Herzog 4.jpgI first saw Werner Herzog Eats His Shoe at the Music Box, a Chicago theater with faux stars overhead and a live organist between features. While Herzog stuffs garlic and herb bundles into the toe of each boot, he invokes a “real war against commercials, against talks shows” and television, then pauses to add hot sauce to the boot before lacing it. He brushes dirt from the sole with his sleeve, then drops it in a stock pot. Alice Waters later adds a bucket of duck fat and some rosemary. The result of a bet with Errol Morris, who was struggling to make Gates Of Heaven, Herzog hoped this act would encourage scared filmmakers. After the boots simmer for five hours, Herzog sits to carve one in front of an audience, deciding to skip the gummy rubber sole. When you eat a chicken, he reasons, you leave the bones.

I’m not a cineaste. I see films maybe once every four years. I know nothing about the genre and fear our increasing addiction to the visual, the eye-driven. But Herzog thrills me. He thrives in the crack between crude truth and the mind’s capaciousness. At the recent Conference on World Affairs, he dismissed cinema verité, “as if facts constituted truth,” and claimed it’s always been “very clear to me that I am a storyteller and not an accountant of history.” Hence Fitzcarraldo. Herzog lives and creates in liminal space.
werner-herzog-eat-his-shoe.jpgBeing Bavarian explains his “affinity for the fertility of the jungle,” how it represents “an intensified form of reality,” he says in Herzog on Herzog. He often stresses that he’s Bavarian, not German. They’re as different as Scots and Brits, he insists. Take Ludwig II, “vivacious, crude and roughly hewn,” also known as the Swan King. And the Mad King. He built Disneyesque castles “full of Bavarian dreaminess and exuberance,” says Herzog, whereas William II, “that idiot, spent all his money on wars.” He goes on to describe King Ludwig wandering the countryside, sleeping in huts, knocking on doors, then stripping off royal jewelry to give to the child who brings him water.

“The world reveals itself to those who travel on foot.” This is Herzog’s dictum. For him, this means “traveling without a house on my back.” Just a toothbrush, compass, a change of underwear. If you travel without luggage, you must ask for shelter, forage for food. This is precisely what he did when told Lotte Eisner was dying. “She was the missing link, our collective conscience, a fugitive from Nazism” and an expert film historian. “German cinema could not do without her.” He knew if he traveled on foot to see her, “she will not die. I’m not superstitious at all,” he tells us. “I just knew this.” So he walked from Munich to Paris.

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The Greensboro Five

Carol Keeley blog 2.JPGGuest post by Carol Keeley

Among the iconic civil rights heroes in a recent Platon portfolio in The New Yorker were the Greensboro Four. The image of these young men at a whites-only counter in Woolworth’s ignited a movement and is part of our national conscience. But this shot includes a terrified young man who has too long gone unidentified.

greensboro.jpgBehind the counter is James Spencer Dungee. This photo, taken the second day of the sit-ins, includes only two of the actual Greensboro Four. Spencer was nineteen. He had worked at the store for five years and had advanced to working the grill. Though he knew two of the protesters from Dudley High School, he knew nothing about the planned sit-in. “I was more shocked than the managers,” he says today.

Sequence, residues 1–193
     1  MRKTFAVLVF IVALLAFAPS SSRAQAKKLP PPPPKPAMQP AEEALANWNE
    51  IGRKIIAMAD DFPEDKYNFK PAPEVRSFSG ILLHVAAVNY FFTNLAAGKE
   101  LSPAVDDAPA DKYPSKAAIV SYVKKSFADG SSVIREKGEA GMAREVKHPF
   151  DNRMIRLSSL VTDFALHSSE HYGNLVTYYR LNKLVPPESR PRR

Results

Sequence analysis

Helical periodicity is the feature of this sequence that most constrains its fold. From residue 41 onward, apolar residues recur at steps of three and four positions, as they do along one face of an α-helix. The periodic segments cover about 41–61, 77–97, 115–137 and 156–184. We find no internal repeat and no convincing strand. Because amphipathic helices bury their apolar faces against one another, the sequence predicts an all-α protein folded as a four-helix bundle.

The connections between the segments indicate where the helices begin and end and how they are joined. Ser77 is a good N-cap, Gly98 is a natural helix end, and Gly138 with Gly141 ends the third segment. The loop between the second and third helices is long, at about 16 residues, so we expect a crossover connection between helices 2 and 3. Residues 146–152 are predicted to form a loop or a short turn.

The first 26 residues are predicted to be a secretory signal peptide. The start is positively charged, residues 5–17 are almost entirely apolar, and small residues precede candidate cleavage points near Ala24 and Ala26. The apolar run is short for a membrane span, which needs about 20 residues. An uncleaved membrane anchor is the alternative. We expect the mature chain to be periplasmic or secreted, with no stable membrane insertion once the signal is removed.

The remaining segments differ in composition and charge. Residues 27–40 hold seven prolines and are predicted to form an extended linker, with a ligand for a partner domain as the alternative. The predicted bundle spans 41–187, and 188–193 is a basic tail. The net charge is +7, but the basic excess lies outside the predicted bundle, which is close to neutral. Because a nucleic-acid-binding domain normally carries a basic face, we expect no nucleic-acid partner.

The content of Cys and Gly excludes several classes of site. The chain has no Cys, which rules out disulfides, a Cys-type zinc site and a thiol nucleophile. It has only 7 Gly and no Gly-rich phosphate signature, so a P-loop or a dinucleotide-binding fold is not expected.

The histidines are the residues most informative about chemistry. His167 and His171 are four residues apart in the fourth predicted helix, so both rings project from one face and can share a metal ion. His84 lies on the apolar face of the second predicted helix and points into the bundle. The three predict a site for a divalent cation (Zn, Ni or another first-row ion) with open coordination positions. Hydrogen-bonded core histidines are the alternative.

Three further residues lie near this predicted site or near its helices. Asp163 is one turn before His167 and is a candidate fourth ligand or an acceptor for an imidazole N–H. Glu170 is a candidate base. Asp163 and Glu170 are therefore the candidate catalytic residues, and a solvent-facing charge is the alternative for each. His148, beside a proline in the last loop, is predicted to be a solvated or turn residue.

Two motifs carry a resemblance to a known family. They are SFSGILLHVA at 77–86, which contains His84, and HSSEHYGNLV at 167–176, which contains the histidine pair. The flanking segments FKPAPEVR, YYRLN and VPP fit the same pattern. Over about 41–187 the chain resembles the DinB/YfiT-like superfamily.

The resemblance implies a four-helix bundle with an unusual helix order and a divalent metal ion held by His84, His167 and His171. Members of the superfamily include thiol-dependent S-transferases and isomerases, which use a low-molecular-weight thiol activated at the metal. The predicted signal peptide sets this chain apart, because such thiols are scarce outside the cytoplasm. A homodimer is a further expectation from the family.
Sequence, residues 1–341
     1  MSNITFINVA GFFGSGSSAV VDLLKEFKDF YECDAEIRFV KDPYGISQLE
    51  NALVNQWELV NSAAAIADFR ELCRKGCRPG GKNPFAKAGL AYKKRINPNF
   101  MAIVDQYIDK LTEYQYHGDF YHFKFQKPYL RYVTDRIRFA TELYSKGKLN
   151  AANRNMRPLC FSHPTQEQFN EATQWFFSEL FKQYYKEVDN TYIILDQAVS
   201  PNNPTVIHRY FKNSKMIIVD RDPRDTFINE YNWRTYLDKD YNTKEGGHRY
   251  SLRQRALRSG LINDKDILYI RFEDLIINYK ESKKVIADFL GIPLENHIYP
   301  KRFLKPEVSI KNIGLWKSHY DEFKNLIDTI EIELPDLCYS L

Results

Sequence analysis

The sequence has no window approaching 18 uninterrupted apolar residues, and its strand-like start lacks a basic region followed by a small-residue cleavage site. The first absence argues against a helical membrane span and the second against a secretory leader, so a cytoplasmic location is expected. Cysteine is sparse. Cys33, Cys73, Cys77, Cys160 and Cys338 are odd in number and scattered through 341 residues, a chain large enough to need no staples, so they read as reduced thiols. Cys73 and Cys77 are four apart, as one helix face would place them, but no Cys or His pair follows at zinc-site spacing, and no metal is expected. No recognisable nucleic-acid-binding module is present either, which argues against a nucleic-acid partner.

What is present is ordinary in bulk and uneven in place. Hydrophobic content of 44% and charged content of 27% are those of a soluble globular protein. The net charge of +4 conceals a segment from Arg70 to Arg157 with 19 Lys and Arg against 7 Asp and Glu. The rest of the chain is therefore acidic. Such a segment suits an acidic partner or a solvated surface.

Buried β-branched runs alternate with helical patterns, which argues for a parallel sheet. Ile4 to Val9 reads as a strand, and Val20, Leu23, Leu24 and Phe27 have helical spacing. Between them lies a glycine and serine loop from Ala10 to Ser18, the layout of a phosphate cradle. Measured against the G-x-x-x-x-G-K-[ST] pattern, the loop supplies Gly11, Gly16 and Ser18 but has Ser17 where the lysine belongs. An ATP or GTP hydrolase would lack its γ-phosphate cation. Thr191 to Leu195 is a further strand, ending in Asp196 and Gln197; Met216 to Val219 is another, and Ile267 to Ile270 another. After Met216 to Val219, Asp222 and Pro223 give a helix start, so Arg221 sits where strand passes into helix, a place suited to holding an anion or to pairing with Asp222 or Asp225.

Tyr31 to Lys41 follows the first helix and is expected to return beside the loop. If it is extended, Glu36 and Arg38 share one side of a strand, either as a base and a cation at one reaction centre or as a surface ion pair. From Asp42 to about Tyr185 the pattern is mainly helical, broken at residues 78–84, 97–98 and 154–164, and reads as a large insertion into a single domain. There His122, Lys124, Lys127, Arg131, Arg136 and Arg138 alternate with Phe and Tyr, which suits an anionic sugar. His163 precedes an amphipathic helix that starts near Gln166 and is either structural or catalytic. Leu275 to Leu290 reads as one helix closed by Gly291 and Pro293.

On February 1, 1960, four college freshmen sparked a revolution by waiting for Woolworth’s to open, then calmly sitting at the lunch counter. Blacks were expected to get food at the pick-up station and eat elsewhere. As they sat down, Spencer kept whispering, “What are you doing?” He knew the cost of such courage. His cousin, Josephine Ophelia Boyd, was the first black student at Greensboro Senior High School. While the Little Rock Nine, escorted by federal troops, was making national news, Spencer was organizing carloads of friends to patrol his cousin’s dangerous journey to and from school. While there, she endured students spitting in her food, splashing ink and ketchup, endless insults. At home, two family dogs were killed, death threats phoned; her mother was fired and her father’s sandwich shop incinerated. Spencer knew what quiet teenagers seeking justice suffered.

“Just be cool,” his friends whispered back to him. The Woolworth’s manager let the freshmen sit, without service, until closing the store early. He figured that would be the end of it. The next morning, they returned, joined by nearly thirty others. Within days, there were three hundred students at the Greensboro Woolworth’s, and protesters occupied lunch counters in fifty-four cities across the South. “That’s when I got scared,” Spencer says. “I was more afraid of somebody getting hurt, you know, someone losing his temper. That’s when you had to think about it.” Police started arresting protesters mid-week, as downtown businesses were impacted. Sit-ins spread to Walgreen’s and other five-and-dimes, Spencer recalls, but not to Kress, a department store that complained of bomb threats. “Their food wasn’t worth it,” he chuckles. “Hot dogs for ten cents, you know. And they tasted like ten-cent hot dogs.”